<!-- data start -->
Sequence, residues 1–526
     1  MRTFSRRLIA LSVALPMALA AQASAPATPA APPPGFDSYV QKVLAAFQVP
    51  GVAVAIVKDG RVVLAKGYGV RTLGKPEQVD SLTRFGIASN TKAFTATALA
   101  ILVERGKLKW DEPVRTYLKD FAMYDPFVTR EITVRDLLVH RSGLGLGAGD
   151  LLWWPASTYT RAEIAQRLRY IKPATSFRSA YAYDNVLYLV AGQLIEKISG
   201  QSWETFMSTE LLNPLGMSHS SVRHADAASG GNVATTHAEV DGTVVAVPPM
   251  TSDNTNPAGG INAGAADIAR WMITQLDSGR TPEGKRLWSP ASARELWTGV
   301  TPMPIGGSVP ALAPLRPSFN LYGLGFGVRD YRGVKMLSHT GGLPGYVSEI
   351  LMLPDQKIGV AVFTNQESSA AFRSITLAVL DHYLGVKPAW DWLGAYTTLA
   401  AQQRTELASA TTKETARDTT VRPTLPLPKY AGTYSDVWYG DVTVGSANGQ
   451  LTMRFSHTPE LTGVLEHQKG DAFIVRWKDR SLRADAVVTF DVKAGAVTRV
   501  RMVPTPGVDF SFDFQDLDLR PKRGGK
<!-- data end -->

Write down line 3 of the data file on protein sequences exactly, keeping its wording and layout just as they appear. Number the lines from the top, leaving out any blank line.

    51  GVAVAIVKDG RVVLAKGYGV RTLGKPEQVD SLTRFGIASN TKAFTATALA